Heartbreak over lack of progress in kidnapping Megumi Yokota

KAWASAKI — The mother of Japan’s most famous kidnapping victim has spoken of the indescribable void that fills her days as she marks the 45th anniversary of her daughter’s disappearance on November 15.

Megumi Yokota was abducted by North Korean agents in 1977 from a beach near her home in Niigata facing the Sea of ​​Japan after attending a club activity at her high school. She was 13 years old.

“I can’t express how empty I feel,” his 86-year-old mother, Sakie, told a news conference in Kawasaki where she now lives.

Having not heard from her daughter in all these years and not knowing her daughter’s precise whereabouts or even if she will ever return to Japan, Sakie called on the government to immediately hold summit talks between the leaders of the Japan and North Korea and to “think wisely about how to make both sides happy.

“She disappeared like a puff of smoke. I looked for it, but I couldn’t find anything. I felt a huge sense of loss,” Sakie said.

In the grip of grief, Sakie took a painting class. She said she sometimes sketched her daughter’s portrait as the tears flowed freely. She said these were some of her toughest days, but “the paintings helped me”.

At the November 8 press conference, Sakie showed two of her oil paintings. One, entitled “Small fishing port”, presents a nearby fishing port. It was painted around 1978, shortly after Megumi disappeared.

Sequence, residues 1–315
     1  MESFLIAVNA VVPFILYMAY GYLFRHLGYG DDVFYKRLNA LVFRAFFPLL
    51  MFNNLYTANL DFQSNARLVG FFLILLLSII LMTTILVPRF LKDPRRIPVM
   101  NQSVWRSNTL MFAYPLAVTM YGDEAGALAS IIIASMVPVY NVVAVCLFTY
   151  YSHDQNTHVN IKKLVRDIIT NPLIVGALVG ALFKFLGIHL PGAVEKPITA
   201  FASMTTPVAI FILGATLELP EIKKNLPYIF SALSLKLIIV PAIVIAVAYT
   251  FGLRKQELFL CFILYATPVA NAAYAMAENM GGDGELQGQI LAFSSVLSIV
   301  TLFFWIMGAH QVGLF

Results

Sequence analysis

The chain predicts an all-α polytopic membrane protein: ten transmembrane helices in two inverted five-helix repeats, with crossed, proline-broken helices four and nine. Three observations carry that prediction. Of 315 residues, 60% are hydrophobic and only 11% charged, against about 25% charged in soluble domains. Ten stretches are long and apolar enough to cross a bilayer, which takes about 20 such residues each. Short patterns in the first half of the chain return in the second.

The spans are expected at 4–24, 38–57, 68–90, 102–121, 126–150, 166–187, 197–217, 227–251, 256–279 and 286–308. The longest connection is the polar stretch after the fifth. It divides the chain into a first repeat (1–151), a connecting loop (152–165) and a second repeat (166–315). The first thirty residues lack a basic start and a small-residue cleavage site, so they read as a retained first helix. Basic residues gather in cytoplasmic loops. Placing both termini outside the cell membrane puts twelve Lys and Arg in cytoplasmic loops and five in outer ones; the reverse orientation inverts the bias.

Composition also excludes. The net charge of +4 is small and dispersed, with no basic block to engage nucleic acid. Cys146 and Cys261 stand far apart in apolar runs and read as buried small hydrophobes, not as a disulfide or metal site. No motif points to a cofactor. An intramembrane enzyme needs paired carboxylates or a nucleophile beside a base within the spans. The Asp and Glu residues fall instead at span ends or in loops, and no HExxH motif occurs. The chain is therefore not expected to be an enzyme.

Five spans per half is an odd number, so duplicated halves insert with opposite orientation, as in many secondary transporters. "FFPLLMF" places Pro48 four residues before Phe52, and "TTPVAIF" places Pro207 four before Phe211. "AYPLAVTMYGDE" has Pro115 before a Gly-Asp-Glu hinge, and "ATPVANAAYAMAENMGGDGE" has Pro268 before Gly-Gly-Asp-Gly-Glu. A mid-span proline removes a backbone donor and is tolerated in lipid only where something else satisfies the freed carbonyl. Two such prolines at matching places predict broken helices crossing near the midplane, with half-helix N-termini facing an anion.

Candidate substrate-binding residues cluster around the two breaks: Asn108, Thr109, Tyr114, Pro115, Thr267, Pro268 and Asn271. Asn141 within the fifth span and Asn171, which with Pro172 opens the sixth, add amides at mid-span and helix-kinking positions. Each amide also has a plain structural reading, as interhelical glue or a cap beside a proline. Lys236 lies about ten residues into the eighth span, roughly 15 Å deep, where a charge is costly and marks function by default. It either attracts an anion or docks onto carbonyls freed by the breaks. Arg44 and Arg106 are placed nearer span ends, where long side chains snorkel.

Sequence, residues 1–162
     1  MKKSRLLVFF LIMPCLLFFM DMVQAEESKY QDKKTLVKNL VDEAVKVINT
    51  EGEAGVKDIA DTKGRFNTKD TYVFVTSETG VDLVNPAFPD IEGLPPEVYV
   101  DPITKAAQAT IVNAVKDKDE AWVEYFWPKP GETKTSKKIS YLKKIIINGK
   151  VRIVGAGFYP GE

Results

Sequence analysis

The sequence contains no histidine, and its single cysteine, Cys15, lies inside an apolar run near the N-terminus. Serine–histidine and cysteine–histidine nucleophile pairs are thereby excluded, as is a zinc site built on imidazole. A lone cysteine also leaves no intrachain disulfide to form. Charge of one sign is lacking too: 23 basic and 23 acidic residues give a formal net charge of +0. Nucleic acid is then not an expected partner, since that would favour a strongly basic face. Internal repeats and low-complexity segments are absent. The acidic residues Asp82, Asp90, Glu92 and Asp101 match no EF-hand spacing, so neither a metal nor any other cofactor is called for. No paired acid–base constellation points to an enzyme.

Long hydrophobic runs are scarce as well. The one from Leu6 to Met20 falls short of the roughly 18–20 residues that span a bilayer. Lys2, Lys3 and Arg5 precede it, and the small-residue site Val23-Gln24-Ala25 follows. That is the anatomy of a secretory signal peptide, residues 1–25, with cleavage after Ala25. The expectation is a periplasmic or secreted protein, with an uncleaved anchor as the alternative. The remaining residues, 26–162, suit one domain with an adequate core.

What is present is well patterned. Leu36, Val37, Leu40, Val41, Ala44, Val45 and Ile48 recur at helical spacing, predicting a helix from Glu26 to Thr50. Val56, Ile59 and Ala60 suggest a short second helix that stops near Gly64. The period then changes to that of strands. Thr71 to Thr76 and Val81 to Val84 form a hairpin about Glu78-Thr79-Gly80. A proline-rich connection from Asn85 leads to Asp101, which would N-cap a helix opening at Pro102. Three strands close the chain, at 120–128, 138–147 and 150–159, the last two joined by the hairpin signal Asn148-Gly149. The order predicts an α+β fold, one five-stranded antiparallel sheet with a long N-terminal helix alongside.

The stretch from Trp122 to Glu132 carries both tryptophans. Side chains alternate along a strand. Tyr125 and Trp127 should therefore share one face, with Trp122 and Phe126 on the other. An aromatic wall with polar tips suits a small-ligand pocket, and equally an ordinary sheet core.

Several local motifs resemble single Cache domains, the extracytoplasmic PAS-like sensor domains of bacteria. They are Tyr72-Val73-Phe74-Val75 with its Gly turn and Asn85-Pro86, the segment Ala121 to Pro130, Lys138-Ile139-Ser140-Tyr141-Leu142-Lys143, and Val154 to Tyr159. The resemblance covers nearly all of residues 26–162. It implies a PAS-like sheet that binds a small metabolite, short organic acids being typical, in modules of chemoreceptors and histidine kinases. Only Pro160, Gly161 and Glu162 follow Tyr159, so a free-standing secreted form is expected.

Given its location, she painted it red as if dusk was falling. “If I had painted a normal blue sea, I would have felt fear and sadness,” she said.

In 2014, Sakie and her husband Shigeru, who died in 2020, traveled to Mongolia, where they met Megumi’s daughter Kim Eun Gyong and her family.

“My husband seemed very happy to see the woman who looked so much like Megumi.” said Sakie. “We were able to have such a great time with (our granddaughter).”

Sakie continued, “I wonder if something mysterious will ever happen again.”

“Kidnapping victims now live in despair, but there will surely come a day when they will be blessed,” she said.

Megumi is one of at least 17 Japanese citizens who the Japanese government says were abducted by North Korea in the late 1970s and early 1980s. They were primarily required to train North Korean spies in Japanese language, culture, and customs.

North Korea admitted to snatching her, but said she died in captivity. Japan did not accept this explanation.

Little is known about her life in North Korea, except that she married a South Korean abductee and had a child.

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